Uberizing the Indian dairy sector

Think Grain Think Feed connected with seasoned dairy and poultry experts – Ranjith Mukundan and Dr. Sujit Kulkarni to understand the impact of Digitalization on the supply chain starting from genetics to processing to traceability. Below are the excerpts:
What is the need for Digitalisation in the Indian dairy industry?
Ranjith Mukundan: The dairy industry has been a very traditional industry that is highly fragmented. There are about 80 million dairy farming families, and by the headcount, it is almost the size of US population. In the last decades, they are virtually untouched by any technology mainly because they are small farmers with 2-3 animals who cannot afford any high-end technology.
Since our inception in 2011, we were clear that for any intervention in Indian dairy, the prime need is to support productivity, quality, and traceability. So, we started focusing on deploying technology like Internet of Things (IoT) at the farm, collection center, and chilling center and then analyzing the data to optimize the supply chain – productivity, quality, and traceability.
At present, there are 3.5 million farmers registered with our platform and we have our digital footprint in 41000 villages in India, and once this digital highway has been laid out in these villages, we are deploying additional value added services to the farmers like provide value-added market linkages, agro-inputs, financial services, insurance services, etc. hyper locally, in these villages.
How this technology is actually helping a small dairy farmer?
Ranjith Mukundan: We actually disseminate this information to various players in the ecosystem like veterinary doctors, Artificial Insemination technicians, nutrition experts, and also to our in-house Farm intervention services team (FIST). Say if peak ovulation is detected in an animal, then an alert is sent that an animal with XYZ id needs to be inseminated in the next 6-8 hours else the probability of success goes down, as the incentives are aligned to the success rate, the technician can’t ignore the alert. Moreover, because of the registration of a large number of farmers on the platform, more technicians are keen to register on the platform. Technicians are also benefitted, as they can access historical data stored on the platform for better diagnosis or treatment.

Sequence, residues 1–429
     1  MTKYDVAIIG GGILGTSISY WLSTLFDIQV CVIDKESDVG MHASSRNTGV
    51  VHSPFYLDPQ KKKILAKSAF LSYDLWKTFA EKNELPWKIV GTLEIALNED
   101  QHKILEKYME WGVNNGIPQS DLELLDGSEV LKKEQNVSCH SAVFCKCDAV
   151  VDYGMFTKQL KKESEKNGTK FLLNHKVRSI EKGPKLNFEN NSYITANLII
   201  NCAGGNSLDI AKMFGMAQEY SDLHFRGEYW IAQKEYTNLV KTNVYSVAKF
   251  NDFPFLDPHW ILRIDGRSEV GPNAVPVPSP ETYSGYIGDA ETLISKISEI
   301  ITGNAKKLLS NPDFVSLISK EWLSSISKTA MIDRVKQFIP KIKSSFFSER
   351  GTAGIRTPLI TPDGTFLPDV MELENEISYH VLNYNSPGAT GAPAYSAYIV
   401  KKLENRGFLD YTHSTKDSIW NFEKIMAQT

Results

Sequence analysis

Another feature we are adding is to Uberize the technology, where multiple registered technicians will get an alert and anyone can act. In this way they can also increase their reach through this platform.
How does such technology help in tackling issues like Antibiotic Microbial Resistance (AMR)?
 Once the dairy animal is infected (as per our understanding more than 75% of dairy animals in India have some level of mastitis) and is not treated at sub-clinical levels then it has to be given antibiotics, which if not quarantined for 21 days, produces milk with antibiotics. The very first approach of the farm intervention services team is to advise the farmer to avoid this infection by educating them about hygienic milking practices, hygienic animal husbandry practices, and providing preventive healthcare.
In India, the entire dairy ecosystem thrives on managing sickness management as opposed to preventive healthcare. With our services, we enable preventive healthcare, educate a farmer to treat animals at a subclinical level, and alternative medical treatment like using aloe vera.
The second is to test at an early stage i.e., at the farm level or milk collection level. There are following three levels of detection